Here's what happens when you push the shoulder more than .002"

    When your round is fired, the brass stretches even farther as it expands to fit the chamber. This cumulative stretching (at each firing) thins your brass until it is paper thin. This thinned brass makes is even easier to bulge during the reloading process. Your cases still won't chamber; and if they do, you'll experience case head separations.


    [​IMG]
    Picture from WWW.LARRYWILLIS.COM
    This picture shows a cut-away view of a belted case that had the shoulder pushed back too far. It was stretched (after 3 firings) until it became dangerously thin.

    It's always best to "measure" your cases, to determine why your handloads don't fit.


     
  12. shade mt

    shade mt Active Member

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    i never really ran into this problem before simply because i usually never mix brass between rifles.
    As noted above brass that was fired from this rifle alone ...chamber in and out fine.
    I fully understand your concept of the case bulging above the belt.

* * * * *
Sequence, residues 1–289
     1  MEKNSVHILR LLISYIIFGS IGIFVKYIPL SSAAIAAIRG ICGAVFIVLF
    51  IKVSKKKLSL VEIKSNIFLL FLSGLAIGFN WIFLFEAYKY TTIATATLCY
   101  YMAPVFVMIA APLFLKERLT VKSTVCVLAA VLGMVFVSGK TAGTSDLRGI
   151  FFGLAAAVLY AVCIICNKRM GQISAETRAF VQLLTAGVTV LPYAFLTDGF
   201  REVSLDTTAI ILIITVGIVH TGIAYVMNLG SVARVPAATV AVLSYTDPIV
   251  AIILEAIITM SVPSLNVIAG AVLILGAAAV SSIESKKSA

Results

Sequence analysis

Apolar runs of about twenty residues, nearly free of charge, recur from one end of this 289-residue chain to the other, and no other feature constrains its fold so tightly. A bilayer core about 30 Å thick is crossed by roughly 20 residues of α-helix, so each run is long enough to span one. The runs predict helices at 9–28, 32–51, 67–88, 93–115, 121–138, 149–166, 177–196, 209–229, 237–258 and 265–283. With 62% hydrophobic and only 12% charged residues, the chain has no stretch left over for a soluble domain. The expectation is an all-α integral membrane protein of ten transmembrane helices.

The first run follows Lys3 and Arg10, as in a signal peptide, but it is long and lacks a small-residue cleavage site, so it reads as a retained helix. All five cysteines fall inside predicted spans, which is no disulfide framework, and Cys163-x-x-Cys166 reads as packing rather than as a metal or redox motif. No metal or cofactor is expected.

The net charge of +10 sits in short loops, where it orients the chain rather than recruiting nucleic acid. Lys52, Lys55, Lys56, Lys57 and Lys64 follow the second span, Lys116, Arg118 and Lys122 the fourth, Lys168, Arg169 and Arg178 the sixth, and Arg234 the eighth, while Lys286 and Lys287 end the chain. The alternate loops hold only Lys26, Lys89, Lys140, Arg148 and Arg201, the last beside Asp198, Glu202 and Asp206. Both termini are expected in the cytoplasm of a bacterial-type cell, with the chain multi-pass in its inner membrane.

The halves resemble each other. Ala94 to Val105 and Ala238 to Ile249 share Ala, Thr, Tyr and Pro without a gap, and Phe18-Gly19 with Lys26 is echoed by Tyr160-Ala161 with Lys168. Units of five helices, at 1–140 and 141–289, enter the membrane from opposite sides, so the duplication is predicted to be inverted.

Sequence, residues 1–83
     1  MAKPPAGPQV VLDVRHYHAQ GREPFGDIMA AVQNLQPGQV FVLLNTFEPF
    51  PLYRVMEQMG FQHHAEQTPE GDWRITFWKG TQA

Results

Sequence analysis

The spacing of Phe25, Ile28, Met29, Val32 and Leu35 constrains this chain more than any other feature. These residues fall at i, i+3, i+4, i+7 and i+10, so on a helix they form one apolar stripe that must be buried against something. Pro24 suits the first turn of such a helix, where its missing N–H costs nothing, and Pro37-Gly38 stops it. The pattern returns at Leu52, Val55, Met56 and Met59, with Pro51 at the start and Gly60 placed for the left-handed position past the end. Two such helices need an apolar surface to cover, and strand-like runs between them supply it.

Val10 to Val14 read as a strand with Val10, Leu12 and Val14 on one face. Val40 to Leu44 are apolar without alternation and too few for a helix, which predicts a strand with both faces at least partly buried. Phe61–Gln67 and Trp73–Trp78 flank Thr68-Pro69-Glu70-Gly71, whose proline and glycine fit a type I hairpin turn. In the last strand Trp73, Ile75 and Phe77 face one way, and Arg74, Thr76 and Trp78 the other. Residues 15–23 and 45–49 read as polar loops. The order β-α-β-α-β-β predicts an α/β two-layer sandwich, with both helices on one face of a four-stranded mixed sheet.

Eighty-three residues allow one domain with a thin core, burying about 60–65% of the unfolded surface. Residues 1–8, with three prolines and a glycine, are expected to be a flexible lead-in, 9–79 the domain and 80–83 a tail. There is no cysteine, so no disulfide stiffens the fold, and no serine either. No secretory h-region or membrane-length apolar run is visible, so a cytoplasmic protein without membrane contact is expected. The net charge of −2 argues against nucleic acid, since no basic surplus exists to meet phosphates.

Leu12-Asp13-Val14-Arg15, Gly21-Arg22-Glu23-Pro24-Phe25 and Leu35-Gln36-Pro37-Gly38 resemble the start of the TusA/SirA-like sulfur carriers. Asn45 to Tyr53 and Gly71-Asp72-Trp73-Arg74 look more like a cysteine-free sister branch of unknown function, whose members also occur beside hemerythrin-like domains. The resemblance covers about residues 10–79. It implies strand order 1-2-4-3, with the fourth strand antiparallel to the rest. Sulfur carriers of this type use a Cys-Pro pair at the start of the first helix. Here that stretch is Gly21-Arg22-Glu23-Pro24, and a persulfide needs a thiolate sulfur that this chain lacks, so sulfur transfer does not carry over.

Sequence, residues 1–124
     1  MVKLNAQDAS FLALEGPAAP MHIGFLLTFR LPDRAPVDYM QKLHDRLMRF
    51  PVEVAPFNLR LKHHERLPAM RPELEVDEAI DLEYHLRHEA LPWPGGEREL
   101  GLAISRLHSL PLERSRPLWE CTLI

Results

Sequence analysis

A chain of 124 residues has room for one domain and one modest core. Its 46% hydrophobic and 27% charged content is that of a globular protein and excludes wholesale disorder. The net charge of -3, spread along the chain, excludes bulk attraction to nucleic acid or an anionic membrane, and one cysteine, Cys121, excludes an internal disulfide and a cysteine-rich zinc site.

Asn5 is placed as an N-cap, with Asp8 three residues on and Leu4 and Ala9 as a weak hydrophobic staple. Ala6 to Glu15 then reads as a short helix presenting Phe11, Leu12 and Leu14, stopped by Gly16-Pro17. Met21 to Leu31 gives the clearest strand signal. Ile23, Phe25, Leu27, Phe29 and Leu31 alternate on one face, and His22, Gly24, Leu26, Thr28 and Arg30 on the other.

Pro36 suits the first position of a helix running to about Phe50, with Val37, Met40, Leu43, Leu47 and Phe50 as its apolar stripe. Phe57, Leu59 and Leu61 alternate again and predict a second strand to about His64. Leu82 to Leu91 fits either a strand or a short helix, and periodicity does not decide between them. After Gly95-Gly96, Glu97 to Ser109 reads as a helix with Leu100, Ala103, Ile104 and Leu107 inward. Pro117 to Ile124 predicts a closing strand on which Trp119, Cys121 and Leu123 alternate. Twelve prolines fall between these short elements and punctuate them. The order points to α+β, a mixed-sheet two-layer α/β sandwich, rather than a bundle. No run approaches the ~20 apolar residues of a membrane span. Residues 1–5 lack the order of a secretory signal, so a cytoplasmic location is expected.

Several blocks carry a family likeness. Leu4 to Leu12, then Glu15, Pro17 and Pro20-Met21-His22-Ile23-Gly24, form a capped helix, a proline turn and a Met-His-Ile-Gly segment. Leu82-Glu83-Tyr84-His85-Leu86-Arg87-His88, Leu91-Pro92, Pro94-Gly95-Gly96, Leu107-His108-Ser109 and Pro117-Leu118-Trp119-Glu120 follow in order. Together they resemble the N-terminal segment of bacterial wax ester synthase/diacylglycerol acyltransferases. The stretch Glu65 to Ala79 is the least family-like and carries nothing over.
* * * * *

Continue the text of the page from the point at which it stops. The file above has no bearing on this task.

I guess i just never ran into the resizing problem before because i usually don't mix brass.
    At this point i'm curious to see what happens to brass that is fired in this rifle alone and neck sized only.
    I could be wrong , but i don't anticipate any problems. i should be able to as usual , get several loadings from brass, as long as i don't try resizing brass from other rifles.
     
  13. larrywillis

    larrywillis Well-Known Member

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    shade mt ........

    You could be right if several means 3 to 5 firings. If you don't want to measure your chamber clearance at the shoulder (and set your die height accurately), then it would definitely be better to just neck size.

    However, I know of about 4,000 shooters that would disagree with your last statement.
     
  14. Bart B

    Bart B Well-Known Member

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    While neck only sizing of bottleneck cases is popular, the folks that probably have done the most testing for accuracy with both belted and rimless bottleneck cases have been full length sizing fired cases setting their shoulder back a few thousandths. They now use Redding full bushing dies for cartridges they're made for and Redding standard full length sizing dies for the rest. Very few folks shoot their bullets as accurate as they do from test barrels chambered to SAAMI specs. I'm referring to Sierra Bullets, who have been full length sizing all their cases used to test their products for accuracy since the 1950's.